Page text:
Though Israel is known as the “Start-Up Nation,” the Organisation for Economic Co-operation and Development (OECD) reports that the Jewish state has one of the highest poverty rates of any developed country with the gap between the rich and the poor ever widening.
Moreso, the report contends that single-parent families or families with only one working parent have a disproportionate rate of poverty.
Three-year-old Mordechai may not have the words to express his confirmation of this statistic, but the sounds coming from his rumbling belly speak volumes.
Last year, Mordechai’s father, Alon, lost his well-paying job in the high-tech industry. As unemployment benefits wind down and the family’s savings run dry, Alon still has not managed to secure a new position. Their situation is quickly becoming dire.
“My wife earns minimum wage as a preschool teacher,” Alon told Breaking Israel News. “We are barely scraping by on her salary and are already in need of assistance from charity organizations just to keep food on our table.”
Unemployment in Israel actually decreased this January, from 4 percent in December 2017 to 3.70 percent. However, those statistics are not comforting to the 1.7 million working poor and unemployed individuals living in poverty.
For example, Teva Pharmaceuticals recently laid off 2,000 employees.
“Meir Panim restaurant-style soup kitchens feed anyone who walks in our doors, no questions asked,” said Goldie Sternbuch, director of overseas relations for Meir Panim charity organization. “Anyone can unexpectedly find themselves on the receiving end of charity.”
With so many children and elderly living in poverty, the gap between the thriving and hungry continues to rise.
In 2017, the Taub Center reported that despite lower unemployment rates in Israel, large parts of the labor market earn very low wages, and the cost of living in Israel is among the highest in the OECD.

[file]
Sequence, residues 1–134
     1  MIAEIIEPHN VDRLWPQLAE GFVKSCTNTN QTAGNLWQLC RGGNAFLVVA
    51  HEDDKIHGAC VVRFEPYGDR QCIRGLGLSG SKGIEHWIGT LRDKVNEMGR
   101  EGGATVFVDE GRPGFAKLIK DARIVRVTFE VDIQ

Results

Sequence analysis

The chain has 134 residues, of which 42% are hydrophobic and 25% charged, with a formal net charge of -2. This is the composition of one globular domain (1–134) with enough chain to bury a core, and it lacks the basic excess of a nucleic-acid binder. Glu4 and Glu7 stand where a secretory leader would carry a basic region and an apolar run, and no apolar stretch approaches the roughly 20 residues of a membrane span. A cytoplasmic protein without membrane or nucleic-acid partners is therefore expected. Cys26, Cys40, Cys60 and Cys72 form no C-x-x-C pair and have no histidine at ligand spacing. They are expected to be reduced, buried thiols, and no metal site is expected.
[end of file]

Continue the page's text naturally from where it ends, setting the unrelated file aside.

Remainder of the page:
The study, “A State of the Nation 2017,” based primarily on Taub Center research reporting the socioeconomic condition of Israel in 2017, makes it clear that anyone can find themselves struggling for their next meal and to feed their family. It notes that, despite lower unemployment, large parts of the labor market earn very low wages while the cost of living remains among the highest in the OECD.
In addition, there is severe inequality of education among students from varying economic backgrounds.
While many of Mordechai’s classmates pay for a balanced hot school lunch of chicken, couscous and vegetables, he is forced to sit with a handful of other underprivileged school mates and served white bread with chocolate spread and water. Israeli chocolate spread is a sugary, icing-like staple in the country.
The negative effects of this lunch are palpable. Firstly, his poor social status becomes clear to his classmates, something he finds embarrassing. In addition, the high sugar content kicks in just when he needs to concentrate on his classroom lessons.
“Poverty can quickly become a vicious cycle if not nipped in the bud when children are affected,” said Sternbuch. “Malnourished children cannot learn in school and often become sick, limiting their future educational success and creating a system where they are doomed to continue working in menial jobs, if at all.”
In order to help Mordechai and other hungry Israeli children receive a hot meal and improve the future of the Holy Land, Meir Panim is running a “feed an Israeli child” campaign. This emergency crowdfunding effort closes March 31.
“If people would partner with Meir Panim and donate just $1 a day, it would make an enormous difference in children’s lives and Israel’s future,” Sternbuch explained.
To donate $1 a day to help feed a hungry Israeli child, please click here.
This article was written in cooperation with Meir Panim.